C-C-Catch What Wave?
the Max Headroom chronicles
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The Public History of a Campaign That Failed
(With apologies to Mark Twain...)
After the US television series, Max Headroom may be most widely known as the spokeshead for Coca-Cola's second "New Coke" advertising campaign, the one with the slogan "Catch the Wave" - or, in Max-speak, C-C-Catch the Wave. TV ads, print ads, posters, t-shirts, buttons, mugs... Max was coking it up everywhere for a time, and the campaign and memorabilia were generally well received.
But New Coke continued to be a failure even after Max's strenuous efforts, and the failure probably contributed to the sharp end of Max's run as icon.
New Coke: A Short History
In 1982, Coca-Cola launched its first diet soda under the flagship name; Diet Coke shot to the top of the popularity charts and remains there today. However, Diet Coke was not merely regular Coke with the sugar replaced by an artificial sweetener - it was a completely reformulated cola with a flavor very close to that of Pepsi. This was a shrewd move by Coke, since Pepsi had been steadily gaining ground on their market share for decades. The new taste clearly appealed to a lot of cola drinkers and was not judged harshly because no one really expected a "diet coke" to taste like, well, Coke.
Three years later, in an attempt to capture yet more of the "sugared cola" market, in which Pepsi was still gaining, Coca-Cola released what they called "reformulated" Coke and what everyone else called "New Coke." It was the same flavor formulation as Diet Coke, only with a sugar sweetener (high fructose corn syrup and sugar).
The debate over New Coke isn't worth rehashing here. However, Coke had made the mistake of messing with an American icon and ignoring tradition and image. Sure, New Coke had flattened the competition in a huge series of taste tests, but in the end, Coca-Cola discovered that a product like Coke is more than taste.
New Coke was announced, with great fanfare, on 23 April 1985. The outcry against it was both immediate and enormous. Less than three months later, on 11 July 1985, Coke announced that the old version, now dubbed "Coke Classic," was returning to the shelves.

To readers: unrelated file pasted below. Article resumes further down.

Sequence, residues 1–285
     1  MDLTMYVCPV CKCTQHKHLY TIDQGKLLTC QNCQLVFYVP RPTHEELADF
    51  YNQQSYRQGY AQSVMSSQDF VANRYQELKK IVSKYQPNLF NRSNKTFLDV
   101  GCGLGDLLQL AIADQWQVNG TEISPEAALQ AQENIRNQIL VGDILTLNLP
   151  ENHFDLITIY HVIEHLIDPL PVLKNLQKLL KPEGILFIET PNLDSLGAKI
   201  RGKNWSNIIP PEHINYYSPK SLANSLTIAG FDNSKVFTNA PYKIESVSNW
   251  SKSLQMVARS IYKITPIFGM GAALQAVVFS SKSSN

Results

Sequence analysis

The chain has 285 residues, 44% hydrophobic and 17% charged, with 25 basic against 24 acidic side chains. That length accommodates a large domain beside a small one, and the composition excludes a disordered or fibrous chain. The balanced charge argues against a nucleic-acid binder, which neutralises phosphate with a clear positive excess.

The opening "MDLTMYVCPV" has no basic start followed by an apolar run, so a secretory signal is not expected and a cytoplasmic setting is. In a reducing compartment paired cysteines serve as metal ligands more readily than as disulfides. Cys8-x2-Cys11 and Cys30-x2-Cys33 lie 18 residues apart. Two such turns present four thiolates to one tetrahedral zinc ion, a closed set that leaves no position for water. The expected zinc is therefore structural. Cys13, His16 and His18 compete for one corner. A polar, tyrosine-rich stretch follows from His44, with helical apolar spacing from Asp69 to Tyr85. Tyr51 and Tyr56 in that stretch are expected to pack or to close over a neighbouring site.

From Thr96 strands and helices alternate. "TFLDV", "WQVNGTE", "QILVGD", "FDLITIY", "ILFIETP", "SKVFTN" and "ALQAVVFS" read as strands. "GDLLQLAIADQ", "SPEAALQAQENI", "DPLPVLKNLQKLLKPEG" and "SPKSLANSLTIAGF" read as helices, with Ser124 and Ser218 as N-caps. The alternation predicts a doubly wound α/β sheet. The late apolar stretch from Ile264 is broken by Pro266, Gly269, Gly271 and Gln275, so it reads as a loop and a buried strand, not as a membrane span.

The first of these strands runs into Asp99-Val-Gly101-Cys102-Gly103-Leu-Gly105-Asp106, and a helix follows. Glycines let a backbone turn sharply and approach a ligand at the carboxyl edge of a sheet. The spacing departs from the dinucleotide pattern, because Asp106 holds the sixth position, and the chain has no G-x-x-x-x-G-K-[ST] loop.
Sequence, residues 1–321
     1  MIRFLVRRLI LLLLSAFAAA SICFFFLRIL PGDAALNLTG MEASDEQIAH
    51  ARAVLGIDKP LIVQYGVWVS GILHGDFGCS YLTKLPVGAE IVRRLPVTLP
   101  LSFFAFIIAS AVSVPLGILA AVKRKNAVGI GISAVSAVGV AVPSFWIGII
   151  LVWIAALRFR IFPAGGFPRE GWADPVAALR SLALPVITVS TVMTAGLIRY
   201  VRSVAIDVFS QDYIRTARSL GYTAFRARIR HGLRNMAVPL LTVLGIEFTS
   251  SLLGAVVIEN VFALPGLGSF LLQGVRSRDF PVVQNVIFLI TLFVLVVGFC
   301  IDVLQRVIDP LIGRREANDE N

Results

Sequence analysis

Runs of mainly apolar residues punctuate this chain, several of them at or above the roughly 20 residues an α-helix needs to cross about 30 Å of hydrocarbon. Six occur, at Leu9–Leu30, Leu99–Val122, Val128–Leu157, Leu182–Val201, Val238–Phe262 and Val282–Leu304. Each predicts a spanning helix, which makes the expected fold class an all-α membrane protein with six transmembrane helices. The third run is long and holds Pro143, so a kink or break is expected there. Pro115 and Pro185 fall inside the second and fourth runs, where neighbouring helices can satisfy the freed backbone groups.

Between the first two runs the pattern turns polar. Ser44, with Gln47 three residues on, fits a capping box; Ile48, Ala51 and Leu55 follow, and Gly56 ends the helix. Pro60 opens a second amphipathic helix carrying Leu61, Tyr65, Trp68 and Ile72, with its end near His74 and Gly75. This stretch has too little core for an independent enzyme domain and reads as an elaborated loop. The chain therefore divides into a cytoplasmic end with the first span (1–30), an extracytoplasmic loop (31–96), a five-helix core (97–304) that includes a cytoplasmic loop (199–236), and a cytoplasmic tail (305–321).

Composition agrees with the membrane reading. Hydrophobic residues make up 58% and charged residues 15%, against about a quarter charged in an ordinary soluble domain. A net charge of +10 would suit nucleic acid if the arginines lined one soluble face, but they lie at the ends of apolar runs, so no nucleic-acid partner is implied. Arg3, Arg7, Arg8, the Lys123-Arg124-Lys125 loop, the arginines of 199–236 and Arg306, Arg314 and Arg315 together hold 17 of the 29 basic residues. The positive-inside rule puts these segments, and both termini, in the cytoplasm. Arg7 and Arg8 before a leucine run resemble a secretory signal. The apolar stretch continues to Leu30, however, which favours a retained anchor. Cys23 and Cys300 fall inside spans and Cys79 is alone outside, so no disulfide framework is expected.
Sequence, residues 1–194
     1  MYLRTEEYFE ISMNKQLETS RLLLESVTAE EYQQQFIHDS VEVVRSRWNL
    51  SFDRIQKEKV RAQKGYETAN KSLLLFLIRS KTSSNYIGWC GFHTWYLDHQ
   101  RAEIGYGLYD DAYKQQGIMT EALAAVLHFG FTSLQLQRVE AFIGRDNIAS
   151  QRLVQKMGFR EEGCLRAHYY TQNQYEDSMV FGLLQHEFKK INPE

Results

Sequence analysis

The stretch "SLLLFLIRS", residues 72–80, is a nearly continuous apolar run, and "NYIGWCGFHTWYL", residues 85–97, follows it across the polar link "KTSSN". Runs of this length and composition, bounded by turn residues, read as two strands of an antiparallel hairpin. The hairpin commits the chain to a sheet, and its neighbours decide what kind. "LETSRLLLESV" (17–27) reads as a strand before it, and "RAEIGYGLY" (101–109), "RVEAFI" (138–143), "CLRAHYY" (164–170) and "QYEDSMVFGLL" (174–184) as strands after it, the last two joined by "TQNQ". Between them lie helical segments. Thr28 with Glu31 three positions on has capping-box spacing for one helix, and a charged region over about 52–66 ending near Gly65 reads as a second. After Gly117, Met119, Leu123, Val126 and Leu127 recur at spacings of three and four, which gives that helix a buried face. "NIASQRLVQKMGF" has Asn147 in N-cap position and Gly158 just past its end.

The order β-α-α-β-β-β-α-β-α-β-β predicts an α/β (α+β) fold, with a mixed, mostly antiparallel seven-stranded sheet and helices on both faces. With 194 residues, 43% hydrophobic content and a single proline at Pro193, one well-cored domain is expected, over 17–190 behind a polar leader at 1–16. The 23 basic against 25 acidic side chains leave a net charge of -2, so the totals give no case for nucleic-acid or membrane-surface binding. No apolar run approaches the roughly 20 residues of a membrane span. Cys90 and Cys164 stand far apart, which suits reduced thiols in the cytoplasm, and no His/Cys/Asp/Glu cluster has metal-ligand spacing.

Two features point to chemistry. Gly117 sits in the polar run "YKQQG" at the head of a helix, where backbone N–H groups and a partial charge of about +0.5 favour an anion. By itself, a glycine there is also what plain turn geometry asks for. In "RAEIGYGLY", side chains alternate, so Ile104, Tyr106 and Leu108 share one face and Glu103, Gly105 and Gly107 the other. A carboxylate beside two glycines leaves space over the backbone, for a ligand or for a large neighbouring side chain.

[Sidelight 1: The return of Coke was famously given headline billing across the media. ABC had Peter Jennings cut into "General Hospital" to announce the news as a breaking story. The story headlined two networks that evening and was the second story on the third - and on a very "hot" news day on which many major events of real newsworthiness occurred.]
[Sidelight 2: It was claimed then and now that the entire "New Coke" fiasco was a cleverly planned media stunt with two purposes: first, to get loads of free advertising and attention, and second, to permit Coke to switch from cane sugar to corn syrup in the production without anyone noticing by being able to taste the two versions back to back. Both claims are probably bogus; see Snopes for a full discussion and debunking.]
Most people think Coke Classic replaced New Coke, but the new formulation remained in production and on the shelves as plain old Coca-Cola. By 1986, though, (New) Coke had fallen to a 3% market share... and Classic Coke had reached higher sales than (Old) Coke had seen for years! New Coke was finally renamed Coke II in 1990, and continued to be manufactured in Chicago until 2002 (or 2004). It was finally dropped from the US line, but is reportedly still be manufactured and sold in some overseas locations.
So, in horrifying preview, you see that Max Headroom was brought in to try and save a terminally wounded and already-failed product. That he failed in both the short and long run is no surprise.
New Coke, New Face
In trying to sustain their decision to create and sell New Coke, Coca-Cola sought to position the soda for a young market - precisely the market in which they had long been losing ground to Pepsi. They looked for a spokesperson that would appear to this young audience, and came up with... Max.
(As a further example of Coke's continuing schizophrenia over their products, Classic Coke had its own ad campaign, "Red, White and You" that competed in many ways for the same audience.)
The Ad Campaign
Origins & Development
...Good to the Last Drop
Organization, format, design and all original content ©2005-2009 James Gifford